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Common Insurance Terms

Actual Cash Value

In automobile insurance, actual cash value is equivalent to a vehicle’s pre-loss market value. In homeowner's insurance, actual cash value represents the actual cost to replace a damaged item less depreciation.


A person or firm authorized to sell insurance as a representative of the insurance company (also see producer).


A person or firm who is employed by the insurance company (or contracted by the company) and is responsible for investigating and determining the value of your loss.

Alaska Automobile Insurance Plan

An entity established to provide automobile insurance to people who are unable to find a licensed insurance company willing to sell them a policy.


A person who receives income payments from an annuity.


The form on which you provide the information required by the insurer for their use determining whether to sell you an insurance policy. The information provided on this form is also used to determine the premium rate you will be charged for the insurance policy.


A process of resolving disputes in a nonjudicial setting to determine the rights or obligations under a contract.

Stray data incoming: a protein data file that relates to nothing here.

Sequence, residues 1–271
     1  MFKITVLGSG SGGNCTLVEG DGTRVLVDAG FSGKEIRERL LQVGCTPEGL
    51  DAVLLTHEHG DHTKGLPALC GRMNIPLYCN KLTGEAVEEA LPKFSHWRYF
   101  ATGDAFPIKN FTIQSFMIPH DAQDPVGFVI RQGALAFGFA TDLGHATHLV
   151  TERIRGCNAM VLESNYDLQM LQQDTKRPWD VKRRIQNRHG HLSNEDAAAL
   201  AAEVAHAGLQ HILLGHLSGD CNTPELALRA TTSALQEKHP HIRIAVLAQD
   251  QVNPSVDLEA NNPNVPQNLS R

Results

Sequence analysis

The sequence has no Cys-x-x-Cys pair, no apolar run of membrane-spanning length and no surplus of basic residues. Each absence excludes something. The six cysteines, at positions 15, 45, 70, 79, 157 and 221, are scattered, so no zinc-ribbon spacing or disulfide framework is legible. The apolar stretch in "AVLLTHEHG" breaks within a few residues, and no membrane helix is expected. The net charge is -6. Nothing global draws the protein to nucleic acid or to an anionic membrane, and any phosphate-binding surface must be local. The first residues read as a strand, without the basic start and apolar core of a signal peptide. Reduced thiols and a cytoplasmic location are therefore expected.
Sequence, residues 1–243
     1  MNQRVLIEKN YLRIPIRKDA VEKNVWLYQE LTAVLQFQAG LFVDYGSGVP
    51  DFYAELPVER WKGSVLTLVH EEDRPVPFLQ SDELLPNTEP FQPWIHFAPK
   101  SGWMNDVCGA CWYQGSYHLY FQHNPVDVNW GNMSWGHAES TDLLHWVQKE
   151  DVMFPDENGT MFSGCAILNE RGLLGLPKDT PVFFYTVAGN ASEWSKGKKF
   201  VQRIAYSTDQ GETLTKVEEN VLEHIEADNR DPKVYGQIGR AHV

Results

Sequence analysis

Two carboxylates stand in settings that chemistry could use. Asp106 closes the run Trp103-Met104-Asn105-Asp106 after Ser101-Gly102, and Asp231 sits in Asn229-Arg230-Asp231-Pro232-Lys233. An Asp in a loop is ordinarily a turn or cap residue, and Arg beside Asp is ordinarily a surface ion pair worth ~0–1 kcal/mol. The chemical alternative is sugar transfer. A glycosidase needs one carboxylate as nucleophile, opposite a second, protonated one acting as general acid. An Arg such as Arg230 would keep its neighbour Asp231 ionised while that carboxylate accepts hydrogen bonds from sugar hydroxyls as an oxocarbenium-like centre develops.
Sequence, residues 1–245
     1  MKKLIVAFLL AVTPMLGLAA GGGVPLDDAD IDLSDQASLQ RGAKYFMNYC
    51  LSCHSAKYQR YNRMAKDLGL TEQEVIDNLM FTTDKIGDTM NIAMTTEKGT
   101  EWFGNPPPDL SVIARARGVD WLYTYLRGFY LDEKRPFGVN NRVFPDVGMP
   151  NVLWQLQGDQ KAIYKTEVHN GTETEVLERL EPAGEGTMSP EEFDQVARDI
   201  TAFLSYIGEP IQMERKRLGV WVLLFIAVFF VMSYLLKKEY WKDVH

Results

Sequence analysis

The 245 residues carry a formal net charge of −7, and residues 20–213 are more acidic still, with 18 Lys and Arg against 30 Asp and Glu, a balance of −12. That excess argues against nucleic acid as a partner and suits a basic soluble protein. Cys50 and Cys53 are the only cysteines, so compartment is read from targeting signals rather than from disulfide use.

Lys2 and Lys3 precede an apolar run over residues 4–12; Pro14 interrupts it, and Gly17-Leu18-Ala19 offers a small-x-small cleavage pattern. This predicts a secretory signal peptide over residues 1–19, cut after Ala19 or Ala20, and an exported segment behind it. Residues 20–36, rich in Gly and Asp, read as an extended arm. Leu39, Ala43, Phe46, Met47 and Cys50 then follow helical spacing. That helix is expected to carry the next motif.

A person named by the owner of a life or annuity to receive benefits under an insurance policy.


A temporary proof of insurance that is only valid for the number of days indicated on the binder or until the actual insurance policy is issued, which time period is shorter. A binder is not issued in life and health insurance.


A producer who represents you, not the insurance company, and who helps you find an insurance policy. Brokers cannot bind your coverage.


The termination of your insurance coverage at any time other than at a policy anniversary date.

Cash Value

The amount of money you are entitled to receive from the insurance company when you terminate a life insurance or annuity policy. The amount of cash value will be determined as stated in the policy.


A request for benefits for a loss made against you or your insurance company.


The amount paid by the insurance company to the producer as compensation for selling and servicing an insurance policy.

Covered Loss

Any claim that is covered under the provisions of your insurance policy.

Declaration Page

The part of your insurance policy that shows the policy period, who and what is insured, the basic amounts, and general types of coverage being provided. The declaration page also lists all the documents or policy forms, endorsements, and riders which make up the insurance policy.